Make Inefficiency Visible

The problem with much inefficiency is that we can’t see it. It lurks in all work – “baked in” to the way work is carried out, so to speak. Being able to see inefficiency is the first step to reducing it and becoming more productive.

To see inefficiency, we should make it visible. This means looking at work, asking what value is to be produced, and then analyzing the work activities to see which contribute directly to creating the value required and which do not. The “non-value adding” work steps are sources of inefficiency and should be reduced or eliminated from the work. This may be accomplished by either re-designing the work process or improving the way the work is carried out.

Every work process will have always have some slack or inefficiency. If the source of the inefficiency cannot be eliminated, it is sometimes a good idea to aggregate up the inefficiency and load it on to a worker (or group of workers) to make it visible and provide further impetus to reducing it or eliminating it. In this way, the value-adding work attains a higher efficiency and value-adding percentage because some of the inefficiency has been removed, aggregated and relocated elsewhere. The focus should then be on working to reduce or eliminate the aggregated non-value adding activity.

Keep in mind that efficiency is not just about doing more with less – producing more output with the same, or less, resources. Efficiency and productivity can also be measured by the value of output, not just by its quantity, per unit of input. A firm should always think of producing more valuable output with the resources it has, and not just only about producing more.

Inefficiency drives costs because it consumes resources. Inefficient activities have to be paid for. Firms should always pay attention to their value chains and seek to continuously identify and remove the sources of inefficiency. That’s what continuous improvement is all about.


Contribution and Productivity

Human resource (or labour) is a key input for most firms. Labour can be viewed as a resource to be consumed in the production process, and one whose cost should be minimized while its yield is maximized. Or it can be viewed as a value-adding resource which can help a firm achieve its full growth potential.

A firm’s human resource is unique among its inputs in that it can think, reason, and learn. The learning that a firm’s human resource can acquire and contribute can be a key determinant of productivity and profitability.

Accumulated experience represents valuable learning. A firm that can acquire this learning, and leverage it, can build a competitive advantage over rivals.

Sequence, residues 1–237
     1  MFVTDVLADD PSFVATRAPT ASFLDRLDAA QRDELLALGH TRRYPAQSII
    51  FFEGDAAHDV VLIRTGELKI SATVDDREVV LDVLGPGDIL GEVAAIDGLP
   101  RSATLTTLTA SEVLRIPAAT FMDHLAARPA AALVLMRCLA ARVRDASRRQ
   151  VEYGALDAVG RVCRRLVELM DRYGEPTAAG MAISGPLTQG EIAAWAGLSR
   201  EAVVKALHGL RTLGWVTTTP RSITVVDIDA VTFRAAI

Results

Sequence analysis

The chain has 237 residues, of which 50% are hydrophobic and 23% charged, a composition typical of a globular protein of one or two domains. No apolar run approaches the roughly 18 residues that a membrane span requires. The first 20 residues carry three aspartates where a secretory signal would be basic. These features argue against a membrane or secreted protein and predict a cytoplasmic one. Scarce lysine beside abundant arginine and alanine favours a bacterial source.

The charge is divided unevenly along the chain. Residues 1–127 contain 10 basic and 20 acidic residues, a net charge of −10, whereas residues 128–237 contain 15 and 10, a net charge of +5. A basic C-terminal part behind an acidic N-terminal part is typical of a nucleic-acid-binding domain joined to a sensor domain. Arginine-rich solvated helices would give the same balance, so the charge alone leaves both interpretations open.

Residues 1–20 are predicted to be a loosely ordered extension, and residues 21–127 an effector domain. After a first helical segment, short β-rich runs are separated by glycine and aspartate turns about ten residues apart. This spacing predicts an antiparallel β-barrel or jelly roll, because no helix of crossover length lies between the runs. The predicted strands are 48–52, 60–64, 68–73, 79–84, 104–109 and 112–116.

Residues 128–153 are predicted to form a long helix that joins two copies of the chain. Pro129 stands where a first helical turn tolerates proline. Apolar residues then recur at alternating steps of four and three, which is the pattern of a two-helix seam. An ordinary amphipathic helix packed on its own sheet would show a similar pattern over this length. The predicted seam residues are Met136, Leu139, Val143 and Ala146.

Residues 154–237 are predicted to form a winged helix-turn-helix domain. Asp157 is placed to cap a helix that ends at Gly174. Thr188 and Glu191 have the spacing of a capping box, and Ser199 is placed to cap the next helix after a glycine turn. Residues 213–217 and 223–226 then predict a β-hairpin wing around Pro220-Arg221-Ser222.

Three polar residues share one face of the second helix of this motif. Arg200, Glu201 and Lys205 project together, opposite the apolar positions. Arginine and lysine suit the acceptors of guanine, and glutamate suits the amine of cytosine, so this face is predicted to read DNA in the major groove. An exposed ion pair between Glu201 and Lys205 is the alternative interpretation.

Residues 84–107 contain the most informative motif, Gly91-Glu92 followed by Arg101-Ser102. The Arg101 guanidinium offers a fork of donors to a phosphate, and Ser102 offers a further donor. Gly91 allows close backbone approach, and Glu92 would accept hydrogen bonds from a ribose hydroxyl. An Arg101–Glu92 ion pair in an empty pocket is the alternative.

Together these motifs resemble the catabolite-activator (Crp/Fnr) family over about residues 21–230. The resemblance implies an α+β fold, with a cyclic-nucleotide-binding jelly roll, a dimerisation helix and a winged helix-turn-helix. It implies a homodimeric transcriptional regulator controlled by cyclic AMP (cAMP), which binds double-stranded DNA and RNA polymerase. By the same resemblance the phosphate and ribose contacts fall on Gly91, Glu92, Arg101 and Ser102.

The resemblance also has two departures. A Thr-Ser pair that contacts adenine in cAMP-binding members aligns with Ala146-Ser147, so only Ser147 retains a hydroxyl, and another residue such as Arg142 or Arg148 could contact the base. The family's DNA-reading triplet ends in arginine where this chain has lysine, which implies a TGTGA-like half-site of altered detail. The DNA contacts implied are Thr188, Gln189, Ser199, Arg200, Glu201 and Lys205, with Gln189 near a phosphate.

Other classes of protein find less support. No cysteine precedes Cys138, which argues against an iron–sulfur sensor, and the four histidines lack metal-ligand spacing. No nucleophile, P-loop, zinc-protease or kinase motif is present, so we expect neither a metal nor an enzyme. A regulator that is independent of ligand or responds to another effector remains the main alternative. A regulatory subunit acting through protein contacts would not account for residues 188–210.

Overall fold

In many firms, accumulated experience is not leveraged. The learning is not codified, shared, or leveraged to drive improvements in work methods or processes. Leveraging learning means encouraging workers to develop new insights about their work and contribute their ideas for improvement. These improvements drive productivity.

If organizations are to succeed, members need to contribute towards the fulfillment of organizational purpose and goals. It is the job of management to build cultures and structures that encourage employees to bring ideas for improvement forward. Similarly, all employees in a firm have two primary responsibilities: an executive responsibility to carry out their job functions and processes; and a contributive responsibility to bring forward their ideas for improvement.

In many firms, the executive responsibility of workers is emphasized, and far too little attention is paid to the contributive responsibility. Japanese firms excel at eliciting contribution from their workers and their productivity is higher as a result. And not just productivity as measured by efficiency, but productivity in terms of the greater value of output being produced per unit of input.

Productivity can be improved dramtically through innovation and improvements to the way work is done. This is akin to changing the technology base of the firm. Firms that neglect to consider how they will gain contribution for improvement from all employees are likely to find that their productivity levels will stagnate.

Supply Side Strategies and Value

Most business improvement programs and methods are focused on a firm’s supply side. They are aimed at helping a firm to supply the same or more output at a lower cost. Initiatives like Lean, Six Sigma and so forth are valuable for helping a firm to obtain greater efficiency and productivity – producing the same, or more, output with less, or the same, resources.

However, efficiency – the amount of output produced per unit of input – is one way to look at productivity. Another, more meaningful way is to look at the value of the output produced. Using the same resources to produce a more valuable output which commands a higher price in the marketplace has several advantages over mere cost reduction.